The prolific blooms at the height of the spring will cover the foliage.
You should give this bush about 6 feet to spread and have room to flourish.
Grows great in zones 5-10. It's a shrub from 1994. Fragrance is slight, stronger if the weather is cool.

Have a marvelous weekend  and think 'spring,' and roses ~


We now have an ebay store for vintage lovers~

Tuesday, February 14, 2012

Roses And Pruning~

In general roses should be pruned just before the plant breaks dormancy after springs final frost.

This will be early in the year in warm climates, and anytime between February and April in cold climates.

If you are growing old roses, prune them after they have finished blooming, they bear flowers on last years wood.

Remove any weak, twiggy canes that cross one another and rub in the wind.

Hybrid Teas and Grandifloras in mild climates are usually 4 to 10 feet tall and looking rather shaggy-prune off 1/3 to 1/2 of the height-in general leave 4 or 5 major canes and at least 3 feet tall. ( Remove the older canes for certain-this will trigger the rose to attempt basal breaks ( new cane growth )in spring and is fundamental to the health of the bush.

Climbers and ramblers will not flower profusely unless the canes are trained on a horizontal plane. Cut the long-established canes to the place where they are slightly thicker than a pencil-then cut each side stem that has flowered to the lowest possible 5-leaflet stem-about 1 to 2 inches from the main cane. This will cause the cane to flower along its complete length. not put any pruning remains into your compost heap.

Happy Valentines Day everyone !


Thursday, February 09, 2012

Roses-Secret Of Success~

Unless one is a pro with roses it isn't uncommon to make a rose bed of many different kinds and then treat them all the same. This is a big mistake...roses are each individual in needs, issues, and output.

It is just as uncommon to find one particular rose with many different issues.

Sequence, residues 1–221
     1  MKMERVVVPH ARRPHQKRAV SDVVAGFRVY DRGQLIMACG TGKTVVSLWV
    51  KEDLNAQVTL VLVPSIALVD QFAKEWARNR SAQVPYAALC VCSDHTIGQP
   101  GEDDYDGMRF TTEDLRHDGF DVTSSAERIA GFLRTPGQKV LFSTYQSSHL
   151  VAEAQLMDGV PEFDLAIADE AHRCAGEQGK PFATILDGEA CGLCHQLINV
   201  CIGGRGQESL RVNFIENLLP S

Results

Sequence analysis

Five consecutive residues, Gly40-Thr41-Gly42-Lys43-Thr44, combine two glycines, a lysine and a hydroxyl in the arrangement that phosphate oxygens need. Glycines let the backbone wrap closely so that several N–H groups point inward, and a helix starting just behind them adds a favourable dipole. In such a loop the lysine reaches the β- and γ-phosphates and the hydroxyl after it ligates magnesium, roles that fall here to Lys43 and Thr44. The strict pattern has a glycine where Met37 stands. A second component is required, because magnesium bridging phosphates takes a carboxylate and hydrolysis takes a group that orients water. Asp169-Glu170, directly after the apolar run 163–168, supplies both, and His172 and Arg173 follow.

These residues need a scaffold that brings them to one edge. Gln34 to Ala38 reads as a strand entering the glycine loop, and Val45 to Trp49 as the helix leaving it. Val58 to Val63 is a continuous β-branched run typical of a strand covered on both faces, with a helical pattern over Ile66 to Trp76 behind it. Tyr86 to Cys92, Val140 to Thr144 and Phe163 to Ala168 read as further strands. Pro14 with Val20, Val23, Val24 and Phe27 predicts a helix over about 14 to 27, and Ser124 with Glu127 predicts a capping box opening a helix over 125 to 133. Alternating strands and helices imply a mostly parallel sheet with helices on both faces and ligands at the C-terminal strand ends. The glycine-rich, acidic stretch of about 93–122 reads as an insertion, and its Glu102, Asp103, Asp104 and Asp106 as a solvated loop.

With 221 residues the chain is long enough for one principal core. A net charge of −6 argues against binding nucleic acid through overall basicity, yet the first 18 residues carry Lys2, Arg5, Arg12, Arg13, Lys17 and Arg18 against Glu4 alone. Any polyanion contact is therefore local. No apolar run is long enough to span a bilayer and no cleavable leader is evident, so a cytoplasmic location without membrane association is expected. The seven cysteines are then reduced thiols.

They each seem to have one or two weaknesses that can and often do come calling .

For example...Grandifloria's are prone to Aphid infestation--look for tiny, green, brown, or white, soft bodied insects-usually on the backs of the leaves.

Sometimes a good spraying with the water hose will destroy these critters and if not, wash gently with a safe insecticidal soap spray...continue this spraying until they are gone.

( another, more natural way to eliminate Aphids is to make sure you have Ladybugs in your garden...they dine constantly on Aphids, and can consume thousands in a just a few hours.) Ladybugs are totally harmless to garden plants...a good bug in every way.

Floribunda's seem to be a target for Botrytis blight...a fungal disease that appears  as a gray growth on buds. Flowers that are affected will fall apart, rather than open normally.

Pick off and destroy affected blooms and spray with a fungicide in severe cases.
( A good strong compost tea will also control this blight if started early and repeated long enough.)

Hybrid Tea's are prone to rust and Japanese beetle attacks.
Rust will appear as small brown powdery spots that spread across the leaves. They will eventually turn yellow and fall off. Remove infected leaves and destroy...never drop any infected leaves on the ground under your rose bushes, this will allow the disease to infect the soil and back into the plant. I find a mixture of 1 part white vinegar and 4 parts water will get rid of rust.